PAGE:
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Heathrow wins the latest battle but the war continues

05 June 2018 Ben Vogel

Controversial plans for a third runway at the UK’s Heathrow Airport have been approved by government ministers, with MPs now due to vote on the expansion plans by July 11.

While airport industry insiders and many in the UK business community will welcome this latest step towards a third runway at Heathrow, they would be wise to temper their optimism.

The UK government set up an Airports Commission in 2012 to explore and recommend options for capacity expansion. Three years of deliberation and occasionally rancorous debate followed, after which the Commission concluded in July 2015 that a third runway at Heathrow was the best option - but even this recommendation was conditional on the introduction of numerous environmental safeguards.

Despite optimism that a vote on expansion would be held soon after the July 2015 announcement, it has consistently been delayed and kicked into the long grass, primarily due to Brexit but also because the issue is so sensitive for a government that cannot be sure it will win a vote.

This is because a number of Conservative MPs - for example, Foreign Secretary Boris Johnson - vehemently oppose a third runway for Heathrow. While Johnson may be persuaded to avoid the vote or abstain, to maintain a semblance of harmony with his fellow Cabinet members, there are many others with fuller freedom of action.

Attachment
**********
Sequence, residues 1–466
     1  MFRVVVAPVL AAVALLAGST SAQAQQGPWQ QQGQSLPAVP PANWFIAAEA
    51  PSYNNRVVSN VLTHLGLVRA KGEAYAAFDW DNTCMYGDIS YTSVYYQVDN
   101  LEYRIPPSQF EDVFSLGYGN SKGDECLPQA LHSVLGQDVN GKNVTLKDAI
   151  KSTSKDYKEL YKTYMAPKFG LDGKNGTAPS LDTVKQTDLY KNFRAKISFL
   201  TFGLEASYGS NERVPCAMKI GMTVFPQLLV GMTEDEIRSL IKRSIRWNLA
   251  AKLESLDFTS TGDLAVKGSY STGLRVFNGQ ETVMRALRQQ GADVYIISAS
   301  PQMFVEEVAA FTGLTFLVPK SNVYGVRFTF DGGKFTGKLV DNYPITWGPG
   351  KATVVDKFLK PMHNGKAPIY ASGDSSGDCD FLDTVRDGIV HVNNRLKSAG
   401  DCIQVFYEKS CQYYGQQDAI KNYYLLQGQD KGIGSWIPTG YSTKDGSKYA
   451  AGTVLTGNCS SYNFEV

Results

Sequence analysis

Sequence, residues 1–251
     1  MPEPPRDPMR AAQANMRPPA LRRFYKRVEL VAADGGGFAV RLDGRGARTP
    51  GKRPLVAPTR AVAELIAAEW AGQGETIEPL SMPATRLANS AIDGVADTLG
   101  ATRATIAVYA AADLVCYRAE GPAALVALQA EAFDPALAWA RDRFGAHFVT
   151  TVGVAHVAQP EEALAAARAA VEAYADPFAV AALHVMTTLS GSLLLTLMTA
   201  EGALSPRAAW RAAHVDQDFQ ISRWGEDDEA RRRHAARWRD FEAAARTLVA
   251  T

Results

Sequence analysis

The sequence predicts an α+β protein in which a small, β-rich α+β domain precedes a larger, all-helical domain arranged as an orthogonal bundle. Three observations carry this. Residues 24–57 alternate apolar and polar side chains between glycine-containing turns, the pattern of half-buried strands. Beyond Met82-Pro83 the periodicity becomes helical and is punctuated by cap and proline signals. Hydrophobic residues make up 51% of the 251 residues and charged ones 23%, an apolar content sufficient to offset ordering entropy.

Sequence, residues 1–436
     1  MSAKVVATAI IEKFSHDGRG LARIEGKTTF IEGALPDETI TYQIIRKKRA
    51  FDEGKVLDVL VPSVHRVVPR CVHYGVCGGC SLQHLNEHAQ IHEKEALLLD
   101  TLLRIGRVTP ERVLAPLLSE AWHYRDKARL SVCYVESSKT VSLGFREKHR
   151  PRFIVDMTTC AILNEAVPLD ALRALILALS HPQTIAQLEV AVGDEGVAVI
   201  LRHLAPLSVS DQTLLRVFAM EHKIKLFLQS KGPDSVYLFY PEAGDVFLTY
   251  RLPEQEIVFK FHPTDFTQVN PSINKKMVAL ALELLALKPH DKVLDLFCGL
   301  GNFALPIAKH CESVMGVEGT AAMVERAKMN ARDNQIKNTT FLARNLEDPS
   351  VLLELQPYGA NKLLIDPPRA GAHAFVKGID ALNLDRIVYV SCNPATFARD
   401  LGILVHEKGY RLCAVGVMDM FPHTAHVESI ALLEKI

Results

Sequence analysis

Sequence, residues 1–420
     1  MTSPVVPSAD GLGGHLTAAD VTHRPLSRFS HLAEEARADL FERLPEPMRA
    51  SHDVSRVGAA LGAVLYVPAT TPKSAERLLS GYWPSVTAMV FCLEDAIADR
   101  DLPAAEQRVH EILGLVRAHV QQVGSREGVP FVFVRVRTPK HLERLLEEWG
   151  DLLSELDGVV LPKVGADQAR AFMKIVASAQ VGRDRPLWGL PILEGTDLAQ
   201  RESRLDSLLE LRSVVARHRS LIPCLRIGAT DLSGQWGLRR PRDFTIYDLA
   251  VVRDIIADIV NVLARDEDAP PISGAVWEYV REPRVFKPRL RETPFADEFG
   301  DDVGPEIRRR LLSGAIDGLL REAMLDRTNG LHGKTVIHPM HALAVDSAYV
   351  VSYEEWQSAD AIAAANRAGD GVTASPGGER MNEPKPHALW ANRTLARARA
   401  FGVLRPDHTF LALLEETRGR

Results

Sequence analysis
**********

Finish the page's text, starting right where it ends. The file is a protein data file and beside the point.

Prime Minister Theresa May was always going to need support from the Democratic Unionist Party to avoid an embarrassing defeat, and the government may even try to attract pro-Heathrow expansion MPs from the opposition Labour Party. Labour officially supports a third runway with several environmental caveats - but the chance to inflict more damage on an already fragile government could be too attractive to miss.

Expansion supporters have consistently insisted that there is no excuse for further prevarication, because the UK aviation sector and the broader UK economy pays a heavy price for delay. They argue that Amsterdam Schiphol, Frankfurt, and Paris Charles de Gaulle - the three main continental rivals to Heathrow - are able to grow economically lucrative connections while Heathrow stagnates because it lacks capacity.

Post-Brexit, they add, it is more important than ever to connect London to the global economy - unless Heathrow expands, by 2030 the UK capital will lack connections to 194 of the 309 cities worldwide with populations of more than 2 million.

These arguments could swing the upcoming vote - but even after that, detailed planning permission must be approved; given the entrenched position of environmentalists, anti-Heathrow expansion politicians and local residents concerned about noise pollution and other aspects associated with growth at the UK hub, the road to the third runway will still be rocky.

Heathrow has won this battle, but the war will go on.

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